Support groups wouldn't be able to function in the way they have previously because the socially-distanced House of Commons chamber currently resembles a dentist's waiting room, and the whips and PPSs cannot pack in a bunch of noisy supporters around the Prime Minister as they used to. Anxiety about the atmosphere in the chamber have caused silly rows, such as the Leader of the House's refusal to allow shielding MPs to take part in debates remotely. There isn't enough creative thinking about how to help MPs feel as though they are working for one common cause. As I write in today's Sunday Times, senior Tories think this has led to the party feeling the most disconnected from the leadership that it has in a long time.
The 2019 intake of MPs would be the natural 'Johnsonite' group, but a number of things have made it more difficult for them to bond with the Prime Minister. The first is obviously that in the year since they were elected, these MPs have not spent much time in parliament, let alone with their leader. They know that they owe him their seats, but they don't feel at all connected to him as a leader, and fear that many of the decisions the Downing Street operation has taken thus far may cost them those seats at the next election anyway.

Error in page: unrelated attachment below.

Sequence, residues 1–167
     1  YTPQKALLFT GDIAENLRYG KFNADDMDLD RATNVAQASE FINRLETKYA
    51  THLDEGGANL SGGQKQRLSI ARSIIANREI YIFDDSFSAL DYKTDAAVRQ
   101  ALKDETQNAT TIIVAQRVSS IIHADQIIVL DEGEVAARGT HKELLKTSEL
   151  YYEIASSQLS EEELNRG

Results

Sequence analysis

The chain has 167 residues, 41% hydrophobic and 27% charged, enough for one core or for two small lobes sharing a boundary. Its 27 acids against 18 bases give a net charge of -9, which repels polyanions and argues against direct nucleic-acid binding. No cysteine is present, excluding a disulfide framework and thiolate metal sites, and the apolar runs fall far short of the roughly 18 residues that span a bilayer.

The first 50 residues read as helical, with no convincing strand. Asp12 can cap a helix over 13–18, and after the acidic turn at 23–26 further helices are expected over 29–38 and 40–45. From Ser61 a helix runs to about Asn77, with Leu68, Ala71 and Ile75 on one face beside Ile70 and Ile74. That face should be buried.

They also don't have much contact with other bits of the government. Cummings and Cain rubbed up many senior Conservatives the wrong way because of their 'contempt' for MPs. But the 2019 intake don't even have the opportunity to rub shoulders with ministers in parliament, because most of these ministers do not attend votes. As James reported this week, the deputy chief whip holds the proxy votes of more than 200 Tory MPs. Many of them are ministers who are not coming onto the parliamentary estate at all during the pandemic. This is a necessary infection control measure, but it also means that new MPs feel even more isolated and even less listened to.
Then there are his longstanding loyal colleagues, such as Jake Berry, Amanda Milling, Ben Wallace and so on. Some of these, such as Berry, have left government and set up yet another Tory pressure group. The Defence Secretary was one of Johnson's earliest supporters in parliament, but has fallen in and out of favour, not least because one of his advisers, Lynn Davidson, had the temerity to challenge Cummings on his behaviour, and shortly after lost her job. Wallace then told colleagues his best hope of staying in government at all was to keep his head down and stay quiet.